I never did make reference to having 88s and other A-T guns and was not trying to tie it into the historical battle. I was merely pointing out the problems of logistics, time and such for THIS scenario when people started calling for the 90th light and Ariete divisions in reserve, the Ramke Brigade to parachute in on top of Hill 175, etc, etc. You took my statement totally out of context. I never said either that there were PzIIILs or Js there, only asked if that's what the battalion might have in it. We are dealing with a tactical problem to solve, not how to change history. That said,
                    regardless of the presence of Pz.IIIJ s and Ls we have only a hypothetical problem similar to a battle that took place there where the British 7th Armored took a mauling, in addition to the New Zealanders. And yes, I'm well aware of Mellenthin, I read his book "Panzer Battles' several years ago.
                    The specs on the PzIII are not correct anyway. All PzIIIs after the Ausf. F (might as well say 20 tons since it was 19.8) weighed in at 20+ tons, not the 19.25 listed in the description of the PzIII in the scenario. It almost seems to be an amalgomation of the F(some fitted with the 50mm L/42) and reworked E also fitted with the same gun. Throw the Ausf. G in with this as most of this model were fitted with the 50mm L/42 and many G's served in the desert. Maybe the model of the PzIII in this scenario isn't as important as how you would set up and conduct your defense. I know that the gun on the tank does make a BIG difference in how one might consider conducting the operation, but consider that with 50mm frontal armor and 20mm spaced armor gave an advantage to the Panzer crews to shoot up the Stuarts while their HEAT rounds did nothing as they were deflected by the spaced armor, meanwhile the Panzers closing range and blasting the paper thin Stuarts to kingdom come. And the real battle has NO significance here. We're presented with a problem and must solve it as best we can.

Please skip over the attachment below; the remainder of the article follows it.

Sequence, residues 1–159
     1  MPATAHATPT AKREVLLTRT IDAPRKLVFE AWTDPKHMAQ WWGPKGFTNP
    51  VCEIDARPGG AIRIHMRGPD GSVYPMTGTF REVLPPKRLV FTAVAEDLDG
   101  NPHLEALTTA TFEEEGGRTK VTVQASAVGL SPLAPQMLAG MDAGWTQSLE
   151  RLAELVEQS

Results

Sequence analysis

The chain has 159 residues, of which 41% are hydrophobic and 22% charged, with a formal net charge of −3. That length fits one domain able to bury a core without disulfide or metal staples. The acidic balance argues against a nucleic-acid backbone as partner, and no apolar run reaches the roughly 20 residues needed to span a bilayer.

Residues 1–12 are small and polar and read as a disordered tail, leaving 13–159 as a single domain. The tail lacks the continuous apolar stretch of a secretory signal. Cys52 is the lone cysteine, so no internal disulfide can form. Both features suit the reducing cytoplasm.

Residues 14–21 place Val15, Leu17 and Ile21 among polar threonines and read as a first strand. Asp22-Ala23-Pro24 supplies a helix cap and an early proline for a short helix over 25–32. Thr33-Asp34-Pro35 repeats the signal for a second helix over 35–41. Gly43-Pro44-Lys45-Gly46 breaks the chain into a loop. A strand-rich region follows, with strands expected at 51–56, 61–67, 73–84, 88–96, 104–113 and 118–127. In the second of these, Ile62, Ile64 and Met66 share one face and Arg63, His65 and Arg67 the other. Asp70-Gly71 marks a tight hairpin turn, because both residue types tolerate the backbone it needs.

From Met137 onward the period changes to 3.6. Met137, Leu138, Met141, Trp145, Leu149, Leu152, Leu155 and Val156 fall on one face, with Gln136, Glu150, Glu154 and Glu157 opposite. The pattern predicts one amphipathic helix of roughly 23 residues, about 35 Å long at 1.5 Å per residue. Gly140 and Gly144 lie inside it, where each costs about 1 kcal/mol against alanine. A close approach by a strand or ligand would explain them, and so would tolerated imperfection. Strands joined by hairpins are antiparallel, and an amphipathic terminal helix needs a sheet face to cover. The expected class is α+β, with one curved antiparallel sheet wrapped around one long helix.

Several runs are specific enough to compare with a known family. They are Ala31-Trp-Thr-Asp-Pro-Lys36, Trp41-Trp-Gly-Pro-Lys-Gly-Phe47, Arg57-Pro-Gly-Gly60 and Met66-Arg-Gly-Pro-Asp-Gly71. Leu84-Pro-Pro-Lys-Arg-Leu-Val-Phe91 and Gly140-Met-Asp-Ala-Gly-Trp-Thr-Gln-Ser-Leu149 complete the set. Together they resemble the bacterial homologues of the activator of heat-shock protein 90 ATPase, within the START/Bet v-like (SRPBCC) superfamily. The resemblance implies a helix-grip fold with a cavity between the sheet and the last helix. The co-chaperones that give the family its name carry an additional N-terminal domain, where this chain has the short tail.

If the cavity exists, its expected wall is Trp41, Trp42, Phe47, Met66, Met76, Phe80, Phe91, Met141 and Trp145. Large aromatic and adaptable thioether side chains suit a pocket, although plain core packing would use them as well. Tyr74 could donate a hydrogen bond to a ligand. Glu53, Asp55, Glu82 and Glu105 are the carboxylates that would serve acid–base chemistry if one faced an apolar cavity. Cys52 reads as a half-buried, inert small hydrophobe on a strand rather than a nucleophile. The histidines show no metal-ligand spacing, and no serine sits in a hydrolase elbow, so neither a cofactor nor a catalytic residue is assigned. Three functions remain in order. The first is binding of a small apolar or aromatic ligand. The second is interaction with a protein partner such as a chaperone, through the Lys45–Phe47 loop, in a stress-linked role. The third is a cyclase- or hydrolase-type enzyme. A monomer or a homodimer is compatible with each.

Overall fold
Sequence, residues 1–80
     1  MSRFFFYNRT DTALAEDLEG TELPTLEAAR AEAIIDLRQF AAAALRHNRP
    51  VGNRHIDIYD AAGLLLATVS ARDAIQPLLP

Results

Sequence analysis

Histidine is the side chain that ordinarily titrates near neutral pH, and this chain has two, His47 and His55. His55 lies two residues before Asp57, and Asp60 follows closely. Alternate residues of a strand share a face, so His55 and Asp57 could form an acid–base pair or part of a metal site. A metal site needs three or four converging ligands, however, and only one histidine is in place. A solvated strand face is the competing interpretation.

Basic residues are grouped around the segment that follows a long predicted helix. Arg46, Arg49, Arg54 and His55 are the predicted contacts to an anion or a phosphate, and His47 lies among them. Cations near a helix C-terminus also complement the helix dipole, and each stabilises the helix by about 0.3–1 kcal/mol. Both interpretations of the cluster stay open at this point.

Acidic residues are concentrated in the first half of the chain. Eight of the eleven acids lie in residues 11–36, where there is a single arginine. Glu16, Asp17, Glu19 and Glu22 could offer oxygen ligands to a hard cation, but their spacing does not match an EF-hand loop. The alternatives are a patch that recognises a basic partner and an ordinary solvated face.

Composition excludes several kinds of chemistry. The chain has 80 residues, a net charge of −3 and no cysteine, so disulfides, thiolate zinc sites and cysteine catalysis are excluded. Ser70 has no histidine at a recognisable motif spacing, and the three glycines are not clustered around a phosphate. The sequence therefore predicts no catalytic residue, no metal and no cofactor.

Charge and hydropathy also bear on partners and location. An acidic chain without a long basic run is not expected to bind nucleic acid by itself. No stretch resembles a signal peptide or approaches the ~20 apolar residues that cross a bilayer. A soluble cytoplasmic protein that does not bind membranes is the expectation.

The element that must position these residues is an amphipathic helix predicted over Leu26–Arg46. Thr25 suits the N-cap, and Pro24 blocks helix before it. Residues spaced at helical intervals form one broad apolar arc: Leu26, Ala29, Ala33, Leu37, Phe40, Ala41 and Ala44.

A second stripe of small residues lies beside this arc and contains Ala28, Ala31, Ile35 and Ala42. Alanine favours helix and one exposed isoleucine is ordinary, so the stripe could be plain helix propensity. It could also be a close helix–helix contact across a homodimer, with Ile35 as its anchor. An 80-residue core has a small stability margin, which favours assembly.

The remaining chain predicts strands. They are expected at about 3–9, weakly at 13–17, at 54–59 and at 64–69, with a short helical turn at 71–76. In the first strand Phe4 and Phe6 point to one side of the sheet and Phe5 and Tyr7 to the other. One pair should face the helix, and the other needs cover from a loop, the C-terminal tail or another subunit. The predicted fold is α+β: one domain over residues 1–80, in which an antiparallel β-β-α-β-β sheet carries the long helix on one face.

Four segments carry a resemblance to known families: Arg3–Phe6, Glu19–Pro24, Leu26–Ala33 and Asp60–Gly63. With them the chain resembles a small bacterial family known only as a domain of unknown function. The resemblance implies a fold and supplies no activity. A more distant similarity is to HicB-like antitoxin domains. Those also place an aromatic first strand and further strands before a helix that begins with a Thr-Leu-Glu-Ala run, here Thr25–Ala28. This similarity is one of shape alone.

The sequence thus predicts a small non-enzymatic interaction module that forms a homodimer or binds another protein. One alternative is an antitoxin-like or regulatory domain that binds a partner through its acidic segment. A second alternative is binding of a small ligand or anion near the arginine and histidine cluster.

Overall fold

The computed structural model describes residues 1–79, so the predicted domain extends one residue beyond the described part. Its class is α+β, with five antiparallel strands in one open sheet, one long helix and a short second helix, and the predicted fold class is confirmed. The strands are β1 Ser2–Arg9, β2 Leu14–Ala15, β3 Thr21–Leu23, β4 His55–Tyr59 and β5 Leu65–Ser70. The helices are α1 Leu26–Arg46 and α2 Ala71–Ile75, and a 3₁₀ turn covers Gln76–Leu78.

Tycoon1969 a.k.a, Aaron

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                    • #11
                      Problem

                      OK with all the information, everybody know what actually happened at Sidi Rezegh but we are supose to solve this problem with the information given (and that means no 88's, mines, panzergranadier, etc)
                      Split the forces in two fine, split them in three????? no way

                      Nice magazine!!!!!

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                      • #12
                        Remember: In the arcticle it said there would be inaccuricies in ur info.